Of course, everything about Hannibal is garish. His suits are the gaudy eye-sores that Bret Easton Ellis mocked in the book version of American Psycho. Hannibal’s home overflows with expensive furniture and eye-catching art, but there isn’t a cohesive style beyond boorish, petulant excess. When Hannibal attends the opera later in the first season, he appears moved, but it’s hard to tell what’s an act and what’s sincere. And of course Hannibal would think he has to love opera. It is one of the oldest signifiers of class and “taste.” Hannibal does very little that isn’t a signifier of something else.

However, like A Clockwork Orange‘s Alex, is there anything inside of Hannibal that allows him to appreciate the power of sincere and decent art? Hannibal is a sadist and a narcissist. Hannibal only forms attachments to others because it allows him to hurt them better and because Hannibal doesn’t like to eat alone. Hannibal wears a “person suit” and he can feel offense and anger and jealousy, but he can not feel the compassionate, sympathetic emotions that drive art that matters. Hannibal doesn’t feel love in any meaningful sense of the word. He has a deep understanding of how other people work, but he isn’t empathizing with them. He studies them like a murderous child watching an ant farm, waiting for just the right moment to pick a few out and casually crush them beneath his thumb. How can you interface with art if you aren’t able to even temporarily empathize with its point of view?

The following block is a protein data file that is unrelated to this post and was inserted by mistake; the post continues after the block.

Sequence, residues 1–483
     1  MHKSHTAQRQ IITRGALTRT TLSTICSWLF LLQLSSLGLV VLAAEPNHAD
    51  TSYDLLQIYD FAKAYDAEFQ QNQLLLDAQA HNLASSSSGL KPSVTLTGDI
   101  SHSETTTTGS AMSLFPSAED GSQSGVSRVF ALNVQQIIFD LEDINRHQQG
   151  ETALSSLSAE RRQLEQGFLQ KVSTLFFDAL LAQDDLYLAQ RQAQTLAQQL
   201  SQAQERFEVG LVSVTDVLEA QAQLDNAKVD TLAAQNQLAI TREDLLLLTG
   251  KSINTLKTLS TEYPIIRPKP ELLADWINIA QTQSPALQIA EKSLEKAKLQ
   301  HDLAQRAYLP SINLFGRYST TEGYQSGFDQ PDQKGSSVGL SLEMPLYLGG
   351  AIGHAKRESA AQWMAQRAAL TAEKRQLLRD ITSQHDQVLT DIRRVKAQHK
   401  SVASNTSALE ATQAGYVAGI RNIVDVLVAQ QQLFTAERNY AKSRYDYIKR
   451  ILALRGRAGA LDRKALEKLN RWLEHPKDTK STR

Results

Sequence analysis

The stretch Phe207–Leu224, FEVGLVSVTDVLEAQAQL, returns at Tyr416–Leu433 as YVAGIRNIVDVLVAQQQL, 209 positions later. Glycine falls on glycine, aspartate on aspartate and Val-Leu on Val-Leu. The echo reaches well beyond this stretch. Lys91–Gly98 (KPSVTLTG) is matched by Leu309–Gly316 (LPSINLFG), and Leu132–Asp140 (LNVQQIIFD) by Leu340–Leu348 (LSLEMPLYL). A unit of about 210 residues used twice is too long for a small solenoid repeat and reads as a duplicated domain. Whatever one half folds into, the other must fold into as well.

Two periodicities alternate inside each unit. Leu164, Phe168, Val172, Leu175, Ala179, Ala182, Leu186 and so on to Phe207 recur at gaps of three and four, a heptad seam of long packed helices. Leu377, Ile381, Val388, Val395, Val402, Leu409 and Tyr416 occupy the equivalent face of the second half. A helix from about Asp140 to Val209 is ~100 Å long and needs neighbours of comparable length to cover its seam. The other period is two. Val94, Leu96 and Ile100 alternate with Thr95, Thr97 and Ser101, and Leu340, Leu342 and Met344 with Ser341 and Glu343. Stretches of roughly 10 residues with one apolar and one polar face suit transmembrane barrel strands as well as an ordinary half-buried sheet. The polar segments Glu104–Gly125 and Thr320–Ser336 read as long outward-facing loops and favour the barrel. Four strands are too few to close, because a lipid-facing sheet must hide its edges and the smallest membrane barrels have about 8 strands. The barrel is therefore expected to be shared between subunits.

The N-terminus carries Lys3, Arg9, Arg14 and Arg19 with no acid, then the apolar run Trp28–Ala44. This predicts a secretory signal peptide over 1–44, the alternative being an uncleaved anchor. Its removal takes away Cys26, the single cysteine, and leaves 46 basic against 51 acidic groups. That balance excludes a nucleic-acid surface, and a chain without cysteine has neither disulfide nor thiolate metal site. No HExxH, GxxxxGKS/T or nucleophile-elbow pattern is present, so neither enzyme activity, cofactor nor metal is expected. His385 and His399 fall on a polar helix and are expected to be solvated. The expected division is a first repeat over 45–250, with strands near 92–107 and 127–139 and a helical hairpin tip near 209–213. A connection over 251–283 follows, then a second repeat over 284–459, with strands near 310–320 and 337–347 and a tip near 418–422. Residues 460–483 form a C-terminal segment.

When Will stumbles upon the first of Hannibal’s “copycat” killings, he dismisses Hannibal’s work out of hand. Whereas Will is flooded with Garret Jacob Hobbs’s delusions, all he can see in Hannibal’s work is hate and brutal arrogance. Garret Jacob Hobbs believes he’s paying tribute to the women he murders (and his daughter who is the real font of his murderous desire). Hannibal is mocking Garret Jacob Hobbs’s pretensions.